What does this mean when you ask your coworkers to give you 360 feedback? Start by letting the feedback giver know your feedback request is for 100% anonymous feedback: no one will know who said what. Then give them time and space to come up with how-to suggestions that are helpful and uplifting. A little bit of extra time can make an enormous difference in the quality of the 360 degree review

Remember, 360 feedback is concerned with how your coworkers feel you could improve. When you ask for 360 feedback, it's important that you're asking in a supportive way. Let your feedback provider know that you view this feedback session as invaluable in your personal development. That also means not attacking how someone might have filled out the form (i.e., "I can't believe how much you hated all of my ideas!"), asking for how-to suggestions instead of how-not-to suggestions, and having a positive mindset as you receive feedback.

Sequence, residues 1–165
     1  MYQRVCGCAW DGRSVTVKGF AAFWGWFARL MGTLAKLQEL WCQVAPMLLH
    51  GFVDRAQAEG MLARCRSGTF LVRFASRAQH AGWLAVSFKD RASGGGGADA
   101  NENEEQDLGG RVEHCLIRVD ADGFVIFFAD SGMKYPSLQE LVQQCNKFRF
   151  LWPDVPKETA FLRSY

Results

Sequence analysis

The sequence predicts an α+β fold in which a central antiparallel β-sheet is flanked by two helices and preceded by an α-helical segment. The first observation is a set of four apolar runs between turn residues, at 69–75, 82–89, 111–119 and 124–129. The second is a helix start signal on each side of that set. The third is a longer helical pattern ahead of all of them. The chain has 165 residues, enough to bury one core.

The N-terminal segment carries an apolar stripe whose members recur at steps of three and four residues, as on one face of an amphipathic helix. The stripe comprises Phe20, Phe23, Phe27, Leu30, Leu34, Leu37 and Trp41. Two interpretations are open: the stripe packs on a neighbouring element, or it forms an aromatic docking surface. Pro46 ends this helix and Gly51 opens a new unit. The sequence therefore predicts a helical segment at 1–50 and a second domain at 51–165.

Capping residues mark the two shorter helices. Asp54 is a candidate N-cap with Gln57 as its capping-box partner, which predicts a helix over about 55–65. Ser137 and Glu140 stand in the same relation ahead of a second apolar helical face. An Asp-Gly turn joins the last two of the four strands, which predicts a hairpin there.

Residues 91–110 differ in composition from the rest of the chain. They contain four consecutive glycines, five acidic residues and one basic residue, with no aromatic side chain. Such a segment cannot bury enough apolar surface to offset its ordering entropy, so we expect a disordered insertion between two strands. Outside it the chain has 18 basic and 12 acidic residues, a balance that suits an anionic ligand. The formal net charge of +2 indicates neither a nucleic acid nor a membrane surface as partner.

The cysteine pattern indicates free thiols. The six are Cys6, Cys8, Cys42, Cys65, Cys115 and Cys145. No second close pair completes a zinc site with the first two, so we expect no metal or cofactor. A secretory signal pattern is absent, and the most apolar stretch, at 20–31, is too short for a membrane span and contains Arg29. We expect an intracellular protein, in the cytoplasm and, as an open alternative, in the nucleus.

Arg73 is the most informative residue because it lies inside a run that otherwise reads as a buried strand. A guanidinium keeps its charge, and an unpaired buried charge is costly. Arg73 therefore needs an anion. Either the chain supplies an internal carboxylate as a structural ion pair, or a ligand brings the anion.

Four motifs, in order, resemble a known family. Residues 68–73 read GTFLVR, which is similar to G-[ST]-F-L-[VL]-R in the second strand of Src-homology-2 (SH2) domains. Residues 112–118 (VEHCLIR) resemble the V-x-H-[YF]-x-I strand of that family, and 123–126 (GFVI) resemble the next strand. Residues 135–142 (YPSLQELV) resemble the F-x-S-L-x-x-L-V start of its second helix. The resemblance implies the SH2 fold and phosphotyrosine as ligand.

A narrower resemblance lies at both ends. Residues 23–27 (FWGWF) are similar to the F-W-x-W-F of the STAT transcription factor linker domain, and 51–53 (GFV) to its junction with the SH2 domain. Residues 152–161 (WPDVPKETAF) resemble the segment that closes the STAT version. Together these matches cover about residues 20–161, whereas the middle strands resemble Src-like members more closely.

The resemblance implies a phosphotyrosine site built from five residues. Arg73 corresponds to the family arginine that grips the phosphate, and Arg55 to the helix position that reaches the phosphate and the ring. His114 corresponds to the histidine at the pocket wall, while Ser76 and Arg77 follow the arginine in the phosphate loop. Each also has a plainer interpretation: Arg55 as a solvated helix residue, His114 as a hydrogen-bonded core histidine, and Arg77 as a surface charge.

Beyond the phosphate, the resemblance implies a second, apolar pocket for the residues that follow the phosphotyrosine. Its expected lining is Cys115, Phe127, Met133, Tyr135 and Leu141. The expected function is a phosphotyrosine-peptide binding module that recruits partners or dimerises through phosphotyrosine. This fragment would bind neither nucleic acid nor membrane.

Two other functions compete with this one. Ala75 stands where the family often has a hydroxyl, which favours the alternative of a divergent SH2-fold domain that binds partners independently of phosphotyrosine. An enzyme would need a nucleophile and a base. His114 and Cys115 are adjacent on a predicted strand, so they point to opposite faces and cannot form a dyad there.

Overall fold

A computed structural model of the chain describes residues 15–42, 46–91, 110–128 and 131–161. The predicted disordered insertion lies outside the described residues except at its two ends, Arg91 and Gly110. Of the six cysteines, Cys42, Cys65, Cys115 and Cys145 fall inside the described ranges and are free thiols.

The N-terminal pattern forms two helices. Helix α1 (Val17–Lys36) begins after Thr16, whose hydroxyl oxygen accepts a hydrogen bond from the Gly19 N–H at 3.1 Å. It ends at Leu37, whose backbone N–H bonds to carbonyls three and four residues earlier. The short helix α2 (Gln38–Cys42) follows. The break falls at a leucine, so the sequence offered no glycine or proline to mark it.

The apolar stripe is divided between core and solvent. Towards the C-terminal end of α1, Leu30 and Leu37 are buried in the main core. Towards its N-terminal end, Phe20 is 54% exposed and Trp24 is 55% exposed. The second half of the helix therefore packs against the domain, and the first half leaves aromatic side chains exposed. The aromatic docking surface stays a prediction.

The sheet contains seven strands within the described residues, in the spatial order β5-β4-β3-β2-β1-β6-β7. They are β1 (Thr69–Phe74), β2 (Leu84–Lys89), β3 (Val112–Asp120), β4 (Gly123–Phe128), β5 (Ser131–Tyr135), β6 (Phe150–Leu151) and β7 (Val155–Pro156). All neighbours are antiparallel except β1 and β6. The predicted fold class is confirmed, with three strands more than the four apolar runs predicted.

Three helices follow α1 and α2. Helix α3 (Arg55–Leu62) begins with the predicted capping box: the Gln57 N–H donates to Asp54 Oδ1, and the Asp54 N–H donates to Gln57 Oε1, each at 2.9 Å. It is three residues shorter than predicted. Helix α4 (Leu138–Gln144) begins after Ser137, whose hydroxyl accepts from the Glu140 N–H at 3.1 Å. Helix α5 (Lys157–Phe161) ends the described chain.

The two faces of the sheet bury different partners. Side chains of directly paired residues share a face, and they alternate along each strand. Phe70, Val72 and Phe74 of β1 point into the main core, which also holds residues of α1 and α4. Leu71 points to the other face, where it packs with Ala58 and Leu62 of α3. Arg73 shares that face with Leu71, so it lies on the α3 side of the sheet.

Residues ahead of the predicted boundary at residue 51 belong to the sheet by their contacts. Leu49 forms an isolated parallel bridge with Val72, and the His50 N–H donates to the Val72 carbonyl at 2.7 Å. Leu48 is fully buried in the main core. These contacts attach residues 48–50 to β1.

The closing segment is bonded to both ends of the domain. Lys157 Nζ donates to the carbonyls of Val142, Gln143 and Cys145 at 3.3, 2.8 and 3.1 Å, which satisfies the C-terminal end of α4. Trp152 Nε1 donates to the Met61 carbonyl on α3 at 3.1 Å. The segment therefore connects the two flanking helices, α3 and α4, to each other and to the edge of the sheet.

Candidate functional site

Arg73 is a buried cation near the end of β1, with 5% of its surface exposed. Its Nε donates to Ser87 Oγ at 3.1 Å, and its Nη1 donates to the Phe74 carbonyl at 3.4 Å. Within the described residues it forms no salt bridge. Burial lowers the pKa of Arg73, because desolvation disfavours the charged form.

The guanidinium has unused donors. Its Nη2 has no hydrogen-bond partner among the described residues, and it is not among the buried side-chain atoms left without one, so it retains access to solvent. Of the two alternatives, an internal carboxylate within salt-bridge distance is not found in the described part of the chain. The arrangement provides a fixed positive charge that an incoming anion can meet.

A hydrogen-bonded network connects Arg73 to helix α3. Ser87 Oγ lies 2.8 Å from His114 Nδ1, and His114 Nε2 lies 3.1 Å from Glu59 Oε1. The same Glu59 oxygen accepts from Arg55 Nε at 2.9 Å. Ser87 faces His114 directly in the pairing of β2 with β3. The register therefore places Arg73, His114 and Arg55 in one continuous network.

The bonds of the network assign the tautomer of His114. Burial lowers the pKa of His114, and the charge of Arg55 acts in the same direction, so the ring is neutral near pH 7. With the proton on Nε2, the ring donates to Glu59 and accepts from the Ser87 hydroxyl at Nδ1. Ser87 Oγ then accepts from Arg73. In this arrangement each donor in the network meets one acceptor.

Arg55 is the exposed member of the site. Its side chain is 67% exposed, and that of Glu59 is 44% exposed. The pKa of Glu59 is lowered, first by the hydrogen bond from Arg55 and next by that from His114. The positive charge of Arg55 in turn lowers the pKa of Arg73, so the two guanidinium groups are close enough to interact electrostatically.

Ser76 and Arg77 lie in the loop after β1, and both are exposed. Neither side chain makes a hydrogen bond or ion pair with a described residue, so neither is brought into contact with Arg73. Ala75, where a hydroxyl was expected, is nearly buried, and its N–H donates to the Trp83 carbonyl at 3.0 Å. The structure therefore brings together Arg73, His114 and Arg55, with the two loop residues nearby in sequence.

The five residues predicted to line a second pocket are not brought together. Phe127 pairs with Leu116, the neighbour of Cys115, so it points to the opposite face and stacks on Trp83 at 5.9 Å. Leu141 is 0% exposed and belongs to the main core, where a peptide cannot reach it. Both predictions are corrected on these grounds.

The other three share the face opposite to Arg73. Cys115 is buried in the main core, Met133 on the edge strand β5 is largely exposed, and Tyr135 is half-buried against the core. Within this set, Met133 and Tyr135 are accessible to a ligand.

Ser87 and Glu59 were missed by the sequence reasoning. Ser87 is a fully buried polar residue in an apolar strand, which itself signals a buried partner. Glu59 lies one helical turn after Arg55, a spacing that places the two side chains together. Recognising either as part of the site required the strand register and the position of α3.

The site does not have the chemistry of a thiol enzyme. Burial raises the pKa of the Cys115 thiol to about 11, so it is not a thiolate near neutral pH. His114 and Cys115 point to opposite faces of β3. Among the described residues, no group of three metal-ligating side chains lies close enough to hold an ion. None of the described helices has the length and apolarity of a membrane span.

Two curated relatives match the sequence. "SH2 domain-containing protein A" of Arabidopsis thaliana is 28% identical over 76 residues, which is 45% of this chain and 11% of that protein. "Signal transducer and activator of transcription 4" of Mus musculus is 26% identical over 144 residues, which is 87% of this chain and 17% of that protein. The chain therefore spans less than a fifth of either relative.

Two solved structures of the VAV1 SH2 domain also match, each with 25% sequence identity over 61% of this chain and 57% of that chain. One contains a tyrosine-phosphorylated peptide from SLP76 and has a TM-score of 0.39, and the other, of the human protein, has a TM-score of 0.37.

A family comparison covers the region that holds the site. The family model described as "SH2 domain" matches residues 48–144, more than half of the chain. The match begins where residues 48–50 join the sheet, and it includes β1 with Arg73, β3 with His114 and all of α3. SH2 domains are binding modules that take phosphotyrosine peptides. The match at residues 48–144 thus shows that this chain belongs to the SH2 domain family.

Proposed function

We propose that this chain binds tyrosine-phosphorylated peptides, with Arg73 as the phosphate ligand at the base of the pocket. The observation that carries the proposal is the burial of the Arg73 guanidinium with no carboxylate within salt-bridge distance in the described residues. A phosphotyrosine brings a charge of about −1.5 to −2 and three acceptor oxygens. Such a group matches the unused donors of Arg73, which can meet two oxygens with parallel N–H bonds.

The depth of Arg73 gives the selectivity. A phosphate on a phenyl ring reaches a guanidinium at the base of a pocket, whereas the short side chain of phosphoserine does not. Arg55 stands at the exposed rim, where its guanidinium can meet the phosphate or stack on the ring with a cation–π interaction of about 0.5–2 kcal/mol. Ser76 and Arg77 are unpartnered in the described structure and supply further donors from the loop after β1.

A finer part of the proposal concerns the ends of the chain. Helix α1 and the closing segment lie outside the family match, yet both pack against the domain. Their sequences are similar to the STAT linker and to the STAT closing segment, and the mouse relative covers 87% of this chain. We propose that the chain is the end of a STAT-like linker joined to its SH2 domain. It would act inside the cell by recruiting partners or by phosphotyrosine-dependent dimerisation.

Final tips on how to give 360 feedback

Whether you're giving feedback to your boss, your coworker, your entire team or your mother in law, the same principle applies: be honest, be constructive, and phrase your criticism in a way that points out a way to improve rather than just pushes the recipient down into the dirt. 

Simple or not, giving 360 feedback isn't easy. When you're asked for suggestions that are meant to help your co-workers improve, it can feel like you have to point out everything they're doing wrong or how they could change their behavior completely. More often than not, this type of feedback can feel hurtful and even demoralizing. 

But 360 feedback can actually be an incredibly uplifting exercise, and just might be what it takes to improve your recipient's employee experience, boost morale, and increase engagement. Sometimes being heard and seen is 

So be thoughtful with your feedback, and take time and space before you respond in order to ensure it is the high-quality feedback your recipient deserves.